Rioting is not uncommon in Northern Ireland, nor is the sight of young people throwing missiles at the police. These do, however, tend to be wearily predictable in terms of dates and locations.
The Twelfth of July, the Protestant celebration of the anniversary of the battle of Boyne, is a flash point, and skirmishes often centre around Ardoyne in Belfast or Creggan in Derry.
Last week, though, the riots have strayed from the pattern – a clear cause for concern. While shocking to many outside of Northern Ireland, they were not unexpected.
The temperature under the boiling pot has been climbing higher and higher for a long time and there are those who have been willing to stir it. The contents are combustible.
Northern Ireland is a mix of strong Irish and British identities. There are also those who are both, or neither. It is a place of strong political ideologies in unionism and nationalism, which each aspire to opposing constitutional futures.
These were accommodated in the 1998 Agreement Good Friday in a careful balance, underpinned by a strong British-Irish partnership.
But Northern Ireland is also a post-conflict society. The legacy and trauma of the Troubles continue to have effect and to cause harm.
It is a society whose political leadership has so far seemed unable, if not unwilling, to address its deep inequality, persistent poverty, and segregation.
There have been over 160 security-related deaths in Northern Ireland since the peace Agreement. This is the mix in the pot.
Keeping this pot at something below a gentle simmer requires care and constant supervision. The prospect of Brexit threatened to push it to boiling point.
Both the UK and Ireland being members of the EU meant Northern Ireland’s unique geographical, political, economic and constitutional position could operate comfortably, with close cooperation between the UK and Ireland. The UK leaving the EU removed the stabilising outer framework for Northern Ireland’s peace.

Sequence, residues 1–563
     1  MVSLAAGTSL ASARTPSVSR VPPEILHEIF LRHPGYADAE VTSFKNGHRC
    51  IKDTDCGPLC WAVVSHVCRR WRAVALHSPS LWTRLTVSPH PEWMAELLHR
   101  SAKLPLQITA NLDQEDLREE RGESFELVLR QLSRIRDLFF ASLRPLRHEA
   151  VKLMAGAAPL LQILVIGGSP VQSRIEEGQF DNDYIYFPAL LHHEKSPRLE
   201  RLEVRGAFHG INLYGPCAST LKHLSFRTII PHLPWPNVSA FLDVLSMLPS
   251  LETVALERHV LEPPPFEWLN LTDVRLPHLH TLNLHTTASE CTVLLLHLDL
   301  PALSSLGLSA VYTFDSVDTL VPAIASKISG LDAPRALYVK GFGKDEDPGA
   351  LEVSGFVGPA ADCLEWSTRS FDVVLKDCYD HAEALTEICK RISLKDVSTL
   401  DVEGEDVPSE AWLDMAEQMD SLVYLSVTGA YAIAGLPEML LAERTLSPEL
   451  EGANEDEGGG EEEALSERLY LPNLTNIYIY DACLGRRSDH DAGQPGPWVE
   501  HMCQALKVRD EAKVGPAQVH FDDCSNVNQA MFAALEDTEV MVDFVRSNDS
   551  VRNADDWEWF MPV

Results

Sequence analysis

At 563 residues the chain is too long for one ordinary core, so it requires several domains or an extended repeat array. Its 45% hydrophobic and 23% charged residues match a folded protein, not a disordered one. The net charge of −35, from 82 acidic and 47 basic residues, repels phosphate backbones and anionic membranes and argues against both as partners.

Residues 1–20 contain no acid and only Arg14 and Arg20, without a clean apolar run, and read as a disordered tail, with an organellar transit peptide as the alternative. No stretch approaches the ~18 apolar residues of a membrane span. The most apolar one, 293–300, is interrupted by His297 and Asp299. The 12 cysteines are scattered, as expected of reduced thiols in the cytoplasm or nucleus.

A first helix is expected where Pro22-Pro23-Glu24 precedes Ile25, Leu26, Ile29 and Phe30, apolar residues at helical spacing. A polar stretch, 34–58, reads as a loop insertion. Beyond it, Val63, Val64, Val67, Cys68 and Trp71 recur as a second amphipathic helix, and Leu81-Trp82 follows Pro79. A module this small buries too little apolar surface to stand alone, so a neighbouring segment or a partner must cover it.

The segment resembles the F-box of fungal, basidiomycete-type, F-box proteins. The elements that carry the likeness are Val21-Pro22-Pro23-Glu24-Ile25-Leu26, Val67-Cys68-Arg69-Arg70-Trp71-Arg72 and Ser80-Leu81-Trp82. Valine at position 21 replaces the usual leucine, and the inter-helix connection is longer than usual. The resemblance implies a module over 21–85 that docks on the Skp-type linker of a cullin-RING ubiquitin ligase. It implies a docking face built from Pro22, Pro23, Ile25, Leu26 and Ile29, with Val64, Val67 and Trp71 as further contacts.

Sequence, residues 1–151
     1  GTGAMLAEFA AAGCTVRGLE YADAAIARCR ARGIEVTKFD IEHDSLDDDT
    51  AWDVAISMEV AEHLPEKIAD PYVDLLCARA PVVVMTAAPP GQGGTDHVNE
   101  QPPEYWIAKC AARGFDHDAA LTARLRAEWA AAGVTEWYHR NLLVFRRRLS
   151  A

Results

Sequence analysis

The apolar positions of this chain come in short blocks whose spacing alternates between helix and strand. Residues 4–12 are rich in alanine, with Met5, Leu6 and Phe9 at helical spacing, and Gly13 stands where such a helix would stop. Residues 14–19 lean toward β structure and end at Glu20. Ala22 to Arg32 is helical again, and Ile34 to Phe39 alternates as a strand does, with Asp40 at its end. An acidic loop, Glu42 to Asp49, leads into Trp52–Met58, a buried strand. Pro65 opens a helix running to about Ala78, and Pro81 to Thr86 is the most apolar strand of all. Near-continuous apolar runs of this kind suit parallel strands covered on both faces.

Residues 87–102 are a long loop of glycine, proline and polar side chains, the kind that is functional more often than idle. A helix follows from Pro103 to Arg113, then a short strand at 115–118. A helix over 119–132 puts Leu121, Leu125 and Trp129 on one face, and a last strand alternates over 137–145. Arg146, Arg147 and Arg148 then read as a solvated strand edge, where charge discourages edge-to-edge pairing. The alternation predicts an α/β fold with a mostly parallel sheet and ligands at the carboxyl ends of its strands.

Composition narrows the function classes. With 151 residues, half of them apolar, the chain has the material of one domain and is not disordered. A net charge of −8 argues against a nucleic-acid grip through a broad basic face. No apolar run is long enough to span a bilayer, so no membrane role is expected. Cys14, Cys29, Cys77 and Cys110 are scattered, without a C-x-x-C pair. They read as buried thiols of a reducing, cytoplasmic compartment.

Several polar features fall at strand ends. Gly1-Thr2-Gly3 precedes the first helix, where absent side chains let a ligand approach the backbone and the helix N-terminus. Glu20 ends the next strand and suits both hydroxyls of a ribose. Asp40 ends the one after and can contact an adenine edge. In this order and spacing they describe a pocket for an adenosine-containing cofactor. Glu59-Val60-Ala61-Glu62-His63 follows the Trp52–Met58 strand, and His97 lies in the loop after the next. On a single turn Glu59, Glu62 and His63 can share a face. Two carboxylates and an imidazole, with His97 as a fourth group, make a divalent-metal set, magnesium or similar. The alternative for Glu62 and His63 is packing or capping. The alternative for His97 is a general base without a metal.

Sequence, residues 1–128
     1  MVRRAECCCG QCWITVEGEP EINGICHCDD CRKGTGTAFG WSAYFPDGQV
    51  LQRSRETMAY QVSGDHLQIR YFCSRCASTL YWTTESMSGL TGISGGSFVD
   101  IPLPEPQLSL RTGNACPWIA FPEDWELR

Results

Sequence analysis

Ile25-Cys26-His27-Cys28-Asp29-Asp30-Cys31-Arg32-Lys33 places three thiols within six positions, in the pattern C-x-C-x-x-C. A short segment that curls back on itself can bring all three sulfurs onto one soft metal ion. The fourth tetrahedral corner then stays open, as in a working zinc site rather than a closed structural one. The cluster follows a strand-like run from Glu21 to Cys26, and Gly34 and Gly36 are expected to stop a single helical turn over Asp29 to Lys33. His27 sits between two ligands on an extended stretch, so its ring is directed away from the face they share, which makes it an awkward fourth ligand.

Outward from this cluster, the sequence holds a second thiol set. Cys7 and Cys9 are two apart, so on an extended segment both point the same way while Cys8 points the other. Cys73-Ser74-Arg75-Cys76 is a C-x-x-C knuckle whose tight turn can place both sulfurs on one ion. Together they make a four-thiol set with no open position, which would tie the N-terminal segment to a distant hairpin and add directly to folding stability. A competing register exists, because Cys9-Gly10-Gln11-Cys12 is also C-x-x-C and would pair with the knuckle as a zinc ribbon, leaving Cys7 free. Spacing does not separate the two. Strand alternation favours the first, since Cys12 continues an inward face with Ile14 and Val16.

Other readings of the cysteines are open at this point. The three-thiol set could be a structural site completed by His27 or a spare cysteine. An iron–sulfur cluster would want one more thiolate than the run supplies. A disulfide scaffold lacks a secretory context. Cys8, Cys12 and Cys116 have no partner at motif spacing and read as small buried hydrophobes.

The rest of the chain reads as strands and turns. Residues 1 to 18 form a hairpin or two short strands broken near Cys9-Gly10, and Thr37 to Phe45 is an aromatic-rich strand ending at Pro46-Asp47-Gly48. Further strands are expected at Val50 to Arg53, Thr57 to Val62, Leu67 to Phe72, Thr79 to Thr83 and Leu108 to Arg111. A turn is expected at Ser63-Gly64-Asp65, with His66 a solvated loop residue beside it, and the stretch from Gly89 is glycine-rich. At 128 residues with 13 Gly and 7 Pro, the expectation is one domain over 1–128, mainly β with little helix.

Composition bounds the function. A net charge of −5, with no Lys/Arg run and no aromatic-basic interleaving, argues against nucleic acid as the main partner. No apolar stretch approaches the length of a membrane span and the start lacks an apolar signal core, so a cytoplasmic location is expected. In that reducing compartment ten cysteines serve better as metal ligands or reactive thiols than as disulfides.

The UK-EU negotiations turned up the heat on Northern Ireland. It now had to manage uncertainty about its immediate future as well as its prospective one.
The uncertainty was compounded by the unionism and nationalism on both sides of the Brexit debate. The collapse of the power-sharing Executive in January 2017 took away its cross-community, democratic voice for the next, all-important, three years.
The Protocol on Ireland/Northern Ireland in the Withdrawal Agreement manages to keep the pot upright – but it is something of a jimmy-rigged arrangement that needs time and adjustment to fit properly.
However, fraught relationships and distrust between the two largest parties of the Executive, restored in January last year, have been exacerbated by scandals of public irresponsibility in which the First Minister and deputy First Minister were personally involved.
The parties have fallen out over the handling of the coronavirus pandemic. And they are at odds over the Protocol as well as Brexit.
Unionist politicians, furious over trade tensions as a result of the Protocol, are united in calling for it to be scrapped.
They claim Northern Ireland’s place in the union is at stake, which has only spurred on concerns for the fundamental tenet of loyalist and unionist identities.
They have sown doubt in the integrity of institutions of law and order in their recent criticisms of the Public Prosecution Service and calls for the resignation of the PSNI Chief Constable.
The announcement last month by the Loyalist Communities Council that they were withdrawing support for the 1998 Agreement was a further sign of danger ahead.
By Professor Katy Hayward, Senior Fellow at the UK in a Changing Europe. This piece originally featured in CityAM.